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Olafur Eliasson: In Real Life – his exhibition inside and outside Tate Modern

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Moss Wall.

Olafur Eliasson: In Real Life – his exhibition inside and outside Tate Modern

By James Brewer

A baby reaches out to feel the texture of Moss Wall, a 20 m wide floor to ceiling blanket of Scandinavian reindeer lichen. The tactile tapestry is a 1994 artwork by the Danish-Icelandic artist Olafur Eliasson, one of his giant-scale exhibits at, and beyond the walls of, Tate Modern.

To see an infant individual enthralled by a surface such as this raises the question: will such delicate organisms of the kind in this natural ‘wall’ be in a robust state by the time the child reached adulthood? Will the fine fibres, which look life like thousands of tiny cushions, be warped by industrial pollution?

This is the type of issue that the artist wants to bring to attention, and wants all citizenry and those holding the levers of power, to address.

Tate Modern’s Achim Borchardt-Hume interviewed.

With Olafur Eliasson: In real life the artist delivers to London a choice of his big works from the last three decades. Like Takis, the sculptor of magnetism, sound and light whose extensive exhibition is simultaneously in another wing of Tate Modern, Eliasson brings innovative explorations of science and natural phenomena to life. To heighten awareness of humankind’s relation with the natural world and the scale of climate change, he initiates bold projects in public spaces.

The moss wall is part of an engrossing display that is a follow-up to his 2003 installation The Weather Project, a commissioned work seen by more than 2m people, one that illuminated Tate’s vast Turbine Hall with representations of the sun and sky and mist. That spectacle culminated in lights shining forth as a dazzling sun. It was designed to show how the weather shapes a city and, in turn, how the city becomes a filter for the weather. The mechanism made much of a typical Eliasson roll-call of equipment: mono-frequency lights, projection foil, haze machines, mirror foil, aluminium, and scaffolding.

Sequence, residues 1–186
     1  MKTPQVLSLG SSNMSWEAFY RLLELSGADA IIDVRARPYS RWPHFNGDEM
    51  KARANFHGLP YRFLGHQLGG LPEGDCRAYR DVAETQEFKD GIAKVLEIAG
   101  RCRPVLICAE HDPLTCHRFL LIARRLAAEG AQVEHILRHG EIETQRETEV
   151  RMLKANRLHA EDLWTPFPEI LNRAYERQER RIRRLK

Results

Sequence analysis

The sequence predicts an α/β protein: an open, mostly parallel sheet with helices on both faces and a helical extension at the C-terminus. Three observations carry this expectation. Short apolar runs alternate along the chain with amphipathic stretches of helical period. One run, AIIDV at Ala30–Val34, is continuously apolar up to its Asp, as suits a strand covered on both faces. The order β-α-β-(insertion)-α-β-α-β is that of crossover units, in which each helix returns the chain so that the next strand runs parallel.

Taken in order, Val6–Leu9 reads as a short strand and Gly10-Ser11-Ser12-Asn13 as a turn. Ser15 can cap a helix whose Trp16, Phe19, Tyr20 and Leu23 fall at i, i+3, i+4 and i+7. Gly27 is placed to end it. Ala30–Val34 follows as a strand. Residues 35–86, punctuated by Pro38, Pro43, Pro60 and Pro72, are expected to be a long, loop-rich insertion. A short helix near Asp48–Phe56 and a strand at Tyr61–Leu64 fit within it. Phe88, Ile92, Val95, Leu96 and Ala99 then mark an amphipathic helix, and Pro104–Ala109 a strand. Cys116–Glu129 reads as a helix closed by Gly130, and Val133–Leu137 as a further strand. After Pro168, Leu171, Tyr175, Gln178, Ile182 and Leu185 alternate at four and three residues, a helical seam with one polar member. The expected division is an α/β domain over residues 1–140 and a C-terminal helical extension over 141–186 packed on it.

Model Room (detail).

Do we need more reminders of the ravages of climate change hitting the planet here and now, with much worse to come? You don’t need a weatherman to know which way the wind blows, sang Bob Dylan in Subterranean Homesick Blues as far back as 1965.

Olafur Eliasson takes a route other than the civil disobedience tactics of campaigners such as Extinction Rebellion. Shocking the audience is not his way: he prefers to make us wide-eyed with the wonder of natural beauties.

His key is to persuade us to greater understanding of the physical world. That is why he turns the basic elements of the weather – water, light, temperature, pressure – into dynamic experiences and structures.

His mega-installations offer museums, galleries and city authorities the opportunity to declare themselves open to be a platform for examining crucial eco-concerns. Just as we were writing these words, the Tate group of museums issued a statement declaring “a climate emergency” and pledging to play its part in the campaign against environmental degradation.

The new exhibition – a “retrospective” that looks very much to the here and now and to the imminent future – and the Tate statement have clearly been a while in the planning, but stand out in the context of the large demonstrations that briefly disrupted commerce and commuters in London and other western Europe cities just three months earlier.

Most of the 40 works are new to the UK, including some created especially for the exhibition. His materials range from fog to glacial meltwater. Natural phenomena such as water, light, rainbows, geysers and mist are his “tools.” Born in Copenhagen, Eliasson spent considerable time in Iceland as a child and has great sensitivity to pristine Northern territory.

Adrift Compass.

Eliasson’s moss wall turned out to have an unexpected function as the exhibition opened. It proved an ideal backdrop for media interviews with Achim Borchardt-Hume, Tate Modern’s director of exhibitions and programmes, and the curators.

A notice says: “You can touch the moss, but please do not remove it from the wall.” The slow-growing reindeer lichen – cladonia rangiferina – is a natural indicator of air quality and it is vulnerable to air pollution, especially sulphur dioxide, and to overgrazing.